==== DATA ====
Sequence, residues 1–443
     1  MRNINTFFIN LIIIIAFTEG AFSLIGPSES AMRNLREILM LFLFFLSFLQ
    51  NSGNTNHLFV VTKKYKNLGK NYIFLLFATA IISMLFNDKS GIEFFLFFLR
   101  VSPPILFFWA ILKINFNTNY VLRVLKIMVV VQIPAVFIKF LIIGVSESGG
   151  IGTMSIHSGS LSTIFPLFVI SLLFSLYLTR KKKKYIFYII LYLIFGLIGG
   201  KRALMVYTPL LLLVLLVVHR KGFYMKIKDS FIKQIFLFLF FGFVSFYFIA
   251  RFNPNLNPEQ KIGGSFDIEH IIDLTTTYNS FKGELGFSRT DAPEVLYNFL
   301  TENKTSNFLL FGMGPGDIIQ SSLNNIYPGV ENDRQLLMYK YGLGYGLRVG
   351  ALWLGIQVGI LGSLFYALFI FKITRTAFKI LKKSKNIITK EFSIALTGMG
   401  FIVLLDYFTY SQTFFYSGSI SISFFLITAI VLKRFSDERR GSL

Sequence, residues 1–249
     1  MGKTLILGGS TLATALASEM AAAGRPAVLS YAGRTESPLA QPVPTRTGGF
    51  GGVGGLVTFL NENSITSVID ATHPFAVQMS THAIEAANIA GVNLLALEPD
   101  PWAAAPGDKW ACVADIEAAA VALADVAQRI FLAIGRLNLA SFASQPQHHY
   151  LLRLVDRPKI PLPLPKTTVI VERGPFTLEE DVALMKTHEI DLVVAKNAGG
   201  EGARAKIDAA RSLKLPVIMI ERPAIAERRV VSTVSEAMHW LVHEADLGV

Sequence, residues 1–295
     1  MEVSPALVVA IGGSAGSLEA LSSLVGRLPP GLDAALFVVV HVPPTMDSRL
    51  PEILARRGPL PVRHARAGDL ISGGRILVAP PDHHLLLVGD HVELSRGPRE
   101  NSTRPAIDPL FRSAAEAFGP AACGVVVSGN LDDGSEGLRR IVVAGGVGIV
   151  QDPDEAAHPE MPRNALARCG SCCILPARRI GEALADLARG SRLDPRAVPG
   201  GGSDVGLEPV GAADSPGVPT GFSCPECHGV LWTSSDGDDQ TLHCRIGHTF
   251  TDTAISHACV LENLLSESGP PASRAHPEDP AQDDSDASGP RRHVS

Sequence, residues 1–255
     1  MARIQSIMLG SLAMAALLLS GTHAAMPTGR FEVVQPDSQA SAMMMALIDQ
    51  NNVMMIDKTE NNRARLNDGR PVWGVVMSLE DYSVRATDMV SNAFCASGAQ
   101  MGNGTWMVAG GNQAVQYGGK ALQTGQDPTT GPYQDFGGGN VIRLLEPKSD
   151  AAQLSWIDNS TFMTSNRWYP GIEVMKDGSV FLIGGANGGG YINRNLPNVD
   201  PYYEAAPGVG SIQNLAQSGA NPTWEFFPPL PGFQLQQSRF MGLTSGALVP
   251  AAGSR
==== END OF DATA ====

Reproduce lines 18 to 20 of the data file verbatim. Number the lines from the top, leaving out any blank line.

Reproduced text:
     1  MEVSPALVVA IGGSAGSLEA LSSLVGRLPP GLDAALFVVV HVPPTMDSRL
    51  PEILARRGPL PVRHARAGDL ISGGRILVAP PDHHLLLVGD HVELSRGPRE
   101  NSTRPAIDPL FRSAAEAFGP AACGVVVSGN LDDGSEGLRR IVVAGGVGIV